Fostering Language Development In Children with Autism

There are ways to foster language development. There are two books I particularly like that give great tips in how to help a child initiate speech and communication. One book is SLP Teresa Cardon’s book Initiations and Interactions and the other one is First Steps in Intervention with Your Child with Autism: Frameworks for Communication. Teresa talks about the ability to initiate being critical for the success of the child. Children with autism respond to things but don’t often initiate. She suggests to cease anticipating a child’s needs and set the stage for intitiation.

There are a number of ways one can do this. Teresa suggests setting up situations that require the child to involve an adult. Place wanted items in sight but out of reach. Put a snack or favorite toy inside a jar so the child has to request help.

For any interaction or activity to be successful for a child with autism, it has to have 3 parts to it:

  • a clear beginning
  • a logical sequence of steps
  • a way to know the task is finished

Let the child know when something is going to end and something new is about to start. Show the sequence of steps through pictures accompanied by text. Have a “finished” area, a basket, or some other way to signal time. A child is far more likely to engage and participate if they know what it is expected, how to do it through a sequence of steps, and when it will end.

When using visual supports, pair that support with text. For a young child, that text may be just one word. For example, if you show a picture of juice, write “juice” underneath. A nonverbal child may learn to read before they can speak. This was the case with my daughter. She didn’t speak until she was almost 5 but was reading before that.

Allow time for a child to respond. Adults often jump in way too fast to the rescue. A child with autism will need more time to process auditory and visual input. Teresa recommends waiting 15 – 30 seconds for initiation to happen. Try different games that involve turn taking. If you can’t remember games from when you were a child, have a look at the book Playing, Laughing, and Learning or Stepping Out. These books are chocked full of ideas to initiate play and interaction with children.

Consider using music to promote speech. Children often sing better than they speak because music provides the framework of rhythm, shorter phrases, repetition and a melody that provides an auditory cue. My son, Marc, sings Oh Canada much better than speaking the words. Music can also be teamed with actions once a song is learned so some gross motor planning can be worked in there are well. On CD I really like is Say G’Day – it combines music, movement and singing.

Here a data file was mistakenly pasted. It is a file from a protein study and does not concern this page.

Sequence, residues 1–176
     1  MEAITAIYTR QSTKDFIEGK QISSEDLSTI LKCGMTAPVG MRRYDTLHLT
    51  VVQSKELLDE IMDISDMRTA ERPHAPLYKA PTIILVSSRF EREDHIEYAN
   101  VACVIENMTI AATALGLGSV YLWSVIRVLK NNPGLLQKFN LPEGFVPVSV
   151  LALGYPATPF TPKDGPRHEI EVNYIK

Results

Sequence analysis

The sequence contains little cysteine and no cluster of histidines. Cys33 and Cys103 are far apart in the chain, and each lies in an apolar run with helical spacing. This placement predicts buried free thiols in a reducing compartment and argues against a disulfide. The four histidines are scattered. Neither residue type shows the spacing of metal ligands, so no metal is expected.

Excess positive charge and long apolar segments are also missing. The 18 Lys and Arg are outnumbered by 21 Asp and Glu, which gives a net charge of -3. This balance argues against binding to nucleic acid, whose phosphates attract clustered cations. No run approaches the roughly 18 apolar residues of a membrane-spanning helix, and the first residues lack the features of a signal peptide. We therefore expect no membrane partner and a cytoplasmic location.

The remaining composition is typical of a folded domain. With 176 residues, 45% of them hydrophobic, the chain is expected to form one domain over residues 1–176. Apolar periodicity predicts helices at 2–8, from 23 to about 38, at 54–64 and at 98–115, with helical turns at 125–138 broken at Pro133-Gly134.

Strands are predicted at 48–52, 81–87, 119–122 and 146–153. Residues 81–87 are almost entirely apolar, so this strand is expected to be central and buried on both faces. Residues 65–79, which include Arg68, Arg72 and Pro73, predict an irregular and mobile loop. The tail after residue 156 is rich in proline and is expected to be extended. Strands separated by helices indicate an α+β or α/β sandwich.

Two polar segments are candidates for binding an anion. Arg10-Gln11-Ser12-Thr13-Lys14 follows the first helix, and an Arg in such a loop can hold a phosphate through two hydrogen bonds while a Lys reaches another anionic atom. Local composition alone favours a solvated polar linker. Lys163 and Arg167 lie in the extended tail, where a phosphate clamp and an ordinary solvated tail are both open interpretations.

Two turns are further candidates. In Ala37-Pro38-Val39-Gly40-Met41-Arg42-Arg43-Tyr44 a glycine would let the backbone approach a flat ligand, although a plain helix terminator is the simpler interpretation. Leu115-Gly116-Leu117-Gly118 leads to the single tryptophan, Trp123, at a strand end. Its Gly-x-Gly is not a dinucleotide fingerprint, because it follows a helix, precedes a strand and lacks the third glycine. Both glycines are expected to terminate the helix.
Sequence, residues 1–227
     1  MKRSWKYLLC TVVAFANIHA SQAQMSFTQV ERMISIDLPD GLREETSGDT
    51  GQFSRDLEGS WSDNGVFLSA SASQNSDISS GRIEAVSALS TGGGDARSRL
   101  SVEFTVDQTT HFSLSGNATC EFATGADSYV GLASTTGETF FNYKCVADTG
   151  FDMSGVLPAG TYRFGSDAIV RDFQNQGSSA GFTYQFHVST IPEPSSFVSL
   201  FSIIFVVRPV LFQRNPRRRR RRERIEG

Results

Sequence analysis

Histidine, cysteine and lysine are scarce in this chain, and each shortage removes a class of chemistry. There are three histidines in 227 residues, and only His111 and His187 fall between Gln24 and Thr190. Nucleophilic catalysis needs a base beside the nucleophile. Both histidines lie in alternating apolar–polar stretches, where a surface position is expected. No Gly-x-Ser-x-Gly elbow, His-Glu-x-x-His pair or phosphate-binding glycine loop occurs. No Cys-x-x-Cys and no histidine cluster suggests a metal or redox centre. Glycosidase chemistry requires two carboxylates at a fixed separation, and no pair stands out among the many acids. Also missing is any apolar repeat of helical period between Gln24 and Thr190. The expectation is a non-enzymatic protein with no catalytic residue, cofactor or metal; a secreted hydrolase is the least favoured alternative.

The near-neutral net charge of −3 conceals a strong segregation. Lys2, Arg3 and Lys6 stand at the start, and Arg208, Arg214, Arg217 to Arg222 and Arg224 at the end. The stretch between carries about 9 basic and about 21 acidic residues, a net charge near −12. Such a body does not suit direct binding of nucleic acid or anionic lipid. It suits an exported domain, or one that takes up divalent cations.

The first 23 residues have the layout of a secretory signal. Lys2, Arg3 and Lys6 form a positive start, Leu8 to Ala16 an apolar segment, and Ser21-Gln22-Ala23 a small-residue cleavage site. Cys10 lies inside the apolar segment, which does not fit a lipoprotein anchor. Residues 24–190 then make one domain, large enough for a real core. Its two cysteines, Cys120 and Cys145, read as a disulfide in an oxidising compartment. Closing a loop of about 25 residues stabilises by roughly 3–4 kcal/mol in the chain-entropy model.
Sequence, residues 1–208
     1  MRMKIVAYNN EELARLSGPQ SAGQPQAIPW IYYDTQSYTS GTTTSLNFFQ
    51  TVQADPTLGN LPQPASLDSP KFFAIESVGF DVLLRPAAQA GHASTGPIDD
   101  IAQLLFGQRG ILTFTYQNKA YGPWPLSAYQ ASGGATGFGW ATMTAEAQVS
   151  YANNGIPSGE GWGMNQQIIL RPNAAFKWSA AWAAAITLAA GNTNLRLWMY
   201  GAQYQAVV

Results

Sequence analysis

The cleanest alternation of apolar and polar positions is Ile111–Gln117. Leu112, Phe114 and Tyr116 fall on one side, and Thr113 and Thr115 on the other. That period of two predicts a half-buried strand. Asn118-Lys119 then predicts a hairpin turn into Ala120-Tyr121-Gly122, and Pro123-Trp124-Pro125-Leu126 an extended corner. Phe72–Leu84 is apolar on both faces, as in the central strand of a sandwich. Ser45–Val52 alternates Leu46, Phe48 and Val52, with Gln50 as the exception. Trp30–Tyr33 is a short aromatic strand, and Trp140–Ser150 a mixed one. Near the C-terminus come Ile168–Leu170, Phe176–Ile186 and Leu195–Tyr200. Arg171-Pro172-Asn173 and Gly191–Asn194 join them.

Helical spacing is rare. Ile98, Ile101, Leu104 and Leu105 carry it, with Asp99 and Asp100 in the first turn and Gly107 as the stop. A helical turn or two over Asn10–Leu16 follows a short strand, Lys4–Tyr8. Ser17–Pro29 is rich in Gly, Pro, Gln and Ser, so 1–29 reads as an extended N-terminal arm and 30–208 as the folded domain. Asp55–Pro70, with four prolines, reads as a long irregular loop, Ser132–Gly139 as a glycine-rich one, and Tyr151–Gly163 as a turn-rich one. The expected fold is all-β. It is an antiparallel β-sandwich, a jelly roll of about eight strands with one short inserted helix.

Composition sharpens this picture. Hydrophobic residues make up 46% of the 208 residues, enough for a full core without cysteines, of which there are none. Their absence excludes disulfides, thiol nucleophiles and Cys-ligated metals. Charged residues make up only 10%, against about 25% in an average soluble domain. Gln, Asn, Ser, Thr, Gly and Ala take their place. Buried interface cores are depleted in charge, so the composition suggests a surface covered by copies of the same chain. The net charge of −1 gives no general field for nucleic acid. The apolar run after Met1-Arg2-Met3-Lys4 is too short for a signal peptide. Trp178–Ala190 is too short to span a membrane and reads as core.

Model speech as much as you can, but avoid extraneous words that do not add meaning to a sentence such as please and thank you. We are a polite society, but adding these words to simple sentences can make speech more challenging. My son, age 14, put a computer toy on the kitchen counter and took the back off. This was my cue to change the batteries. I modeled, “I need help”, waited for Marc to say it. Even at 14 and with the amount of speech that he has, he will still try and take the easier route of just giving visual cues about what he needs rather than using language.

Avoid using idiomatic expressions that may not make sense or that the child might take literally like, “You’re pulling my leg.” Monitor pronoun use because pronouns are often not understood by children with autism.

Reading is a great way to help language development. Don’t shy away from simplifying text. Put sticky notes over words that are too difficult and substitute something easier. Keep the child motivated by reading books that appeal to a special interest such as dinosaurs or trains. Ask simple questions like, “Can you put your finger the cat?” This helps with comprehension of language.

This may sound unusual, but both of my children watch DVD’s with the English subtitles on. This helps improve their reading by hearing and seeing how words sound and look.

Patience and creating opportunities for speaking is key for language development. Engage in activities that support language and are both motivating and fun for the child.

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